STAR-BULLETIN / DECEMBER 1999
Artist-hotelier Wyland is famous for his wall murals, such as this one near Honolulu Airport.
Mold delays Wyland Waikiki hotel -- again
The opening of the Wyland Waikiki hotel has been delayed indefinitely after signs of mold were discovered in some of its bathrooms.
The 404-room hotel, which is managed by Hilton Hotels Corp. under the Doubletree brand, opened 36 rooms on two floors last October but was closed shortly thereafter when mold was discovered in a "handful" of rooms, said Cynthia Rankin, regional director of public relations for Hilton Hawaii.
Unlike the Kalia Tower at the Hilton Hawaiian Village -- which was found in 2002 to have mold infestation throughout the building, leading to tens of millions of dollars in legal claims -- the scope of the Wyland Waikiki's problem is limited, she said.
The mold at the Wyland hotel was a result of plumbing leaks and related water and moisture damage, said Gary Seibert, area vice president and managing director for Hilton Hotels in Hawaii.
"As a precaution, and to prevent recurrence, and to ensure a consistent positive experience for our guests and team members, we and the owner decided it would be best to temporarily suspend operations until the situation was fully rectified," Seibert said in a statement.
The owner, Chicago-based Lodging Capital Partners LLC, is overseeing repairs including shower pan replacements in the guest rooms, he said.
GEORGE F. LEE / GLEE@STARBULLETIN.COM
Opening of the Wyland Waikiki hotel, shown here yesterday, has been delayed indefinitely due to mold.
Steve Kisielica, one of the founders of Lodging Capital Partners, did not return calls for comment.
Hilton does not have a firm reopening date, but said it anticipates that renovations will be completed soon. The company also would not say how much the repairs will cost.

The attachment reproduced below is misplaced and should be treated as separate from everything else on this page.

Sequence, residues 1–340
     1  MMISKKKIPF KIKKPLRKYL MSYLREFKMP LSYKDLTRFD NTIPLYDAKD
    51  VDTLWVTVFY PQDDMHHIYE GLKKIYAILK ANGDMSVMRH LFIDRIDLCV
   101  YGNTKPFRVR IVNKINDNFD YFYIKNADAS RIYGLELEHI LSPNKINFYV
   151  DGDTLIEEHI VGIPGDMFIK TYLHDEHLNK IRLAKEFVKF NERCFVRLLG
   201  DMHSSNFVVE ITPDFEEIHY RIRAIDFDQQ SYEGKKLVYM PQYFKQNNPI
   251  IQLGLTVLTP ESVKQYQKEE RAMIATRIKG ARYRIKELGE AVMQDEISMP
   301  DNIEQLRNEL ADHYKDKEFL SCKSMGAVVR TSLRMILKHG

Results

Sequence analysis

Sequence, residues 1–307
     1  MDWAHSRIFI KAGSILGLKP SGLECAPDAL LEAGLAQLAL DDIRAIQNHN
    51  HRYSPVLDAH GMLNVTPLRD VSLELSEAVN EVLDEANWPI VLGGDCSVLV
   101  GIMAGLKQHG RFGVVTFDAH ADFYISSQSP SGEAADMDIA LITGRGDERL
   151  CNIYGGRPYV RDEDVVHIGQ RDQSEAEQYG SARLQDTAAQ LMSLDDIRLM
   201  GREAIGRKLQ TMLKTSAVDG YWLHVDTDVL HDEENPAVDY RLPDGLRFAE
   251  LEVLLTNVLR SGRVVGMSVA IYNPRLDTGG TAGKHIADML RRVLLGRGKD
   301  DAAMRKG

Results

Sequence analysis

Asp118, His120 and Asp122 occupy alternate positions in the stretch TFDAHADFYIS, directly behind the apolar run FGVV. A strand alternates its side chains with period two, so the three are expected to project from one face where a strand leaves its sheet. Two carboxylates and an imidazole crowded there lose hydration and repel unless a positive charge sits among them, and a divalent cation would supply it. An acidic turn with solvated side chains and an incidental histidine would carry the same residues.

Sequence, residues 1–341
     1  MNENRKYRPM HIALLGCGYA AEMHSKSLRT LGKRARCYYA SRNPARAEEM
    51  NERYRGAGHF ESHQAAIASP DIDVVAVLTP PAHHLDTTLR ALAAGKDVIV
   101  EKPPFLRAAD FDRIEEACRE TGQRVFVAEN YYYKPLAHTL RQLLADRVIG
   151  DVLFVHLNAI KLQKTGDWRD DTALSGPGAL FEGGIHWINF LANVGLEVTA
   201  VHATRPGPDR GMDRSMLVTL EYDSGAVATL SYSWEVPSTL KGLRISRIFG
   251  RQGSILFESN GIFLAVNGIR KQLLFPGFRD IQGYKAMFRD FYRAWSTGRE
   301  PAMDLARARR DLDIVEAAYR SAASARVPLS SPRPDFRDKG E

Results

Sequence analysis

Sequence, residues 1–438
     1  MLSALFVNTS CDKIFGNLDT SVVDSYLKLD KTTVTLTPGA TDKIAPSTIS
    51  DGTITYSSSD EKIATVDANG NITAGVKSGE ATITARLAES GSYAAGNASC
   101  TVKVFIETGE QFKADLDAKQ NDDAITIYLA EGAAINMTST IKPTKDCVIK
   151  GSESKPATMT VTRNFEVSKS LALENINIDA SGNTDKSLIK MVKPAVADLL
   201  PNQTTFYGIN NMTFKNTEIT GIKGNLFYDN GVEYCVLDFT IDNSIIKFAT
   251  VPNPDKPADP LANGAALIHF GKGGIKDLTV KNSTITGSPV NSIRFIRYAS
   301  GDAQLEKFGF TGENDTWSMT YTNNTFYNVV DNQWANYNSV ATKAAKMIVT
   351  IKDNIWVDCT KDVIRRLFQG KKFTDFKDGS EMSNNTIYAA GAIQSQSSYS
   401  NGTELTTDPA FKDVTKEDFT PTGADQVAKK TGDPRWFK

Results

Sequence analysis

However, the Waikiki boutique hotel at 400 Royal Hawaiian Ave., at Kuhio Avenue, is estimated to be losing anywhere from $90,000 to $100,000 each day it is closed, based on an average $300 daily room rate and 75 percent occupancy.
Marine life artist Wyland, a minority owner in the property, along with San Diego-based eRealty Cos. and Diamond Hotels and Resorts Inc., sold the hotel to Lodging Capital Partners last year for $94 million.
The hotel, furnished with art by Wyland and other artists, was expected to complete a $30 million renovation and open immediately following the sale to Lodging Capital Partners last July.
Room rates at the Wyland hotel, which is being repositioned to target the upscale market, are expected to be between $300 and $1,000 per night.
Real estate firm eRealty bought the hotel in 2005 for a reported $38 million from Japan-based Katokichi Co. Ltd. The property was formerly the Ohana Waikiki Surf, a budget hotel managed by Outrigger Hotels & Resorts.
Meanwhile, the hotel has secured vendors Kimo Bean Coffee Co., Wyland Gallery and a spa and restaurant whose names Hilton would not disclose until an agreement is finalized.
"Hopefully they get the issue resolved soon, for our sake," said Philip Miyoshi, chief operating officer of Kimo Bean, adding that he anticipates the coffee shop will be ready to open sometime in March.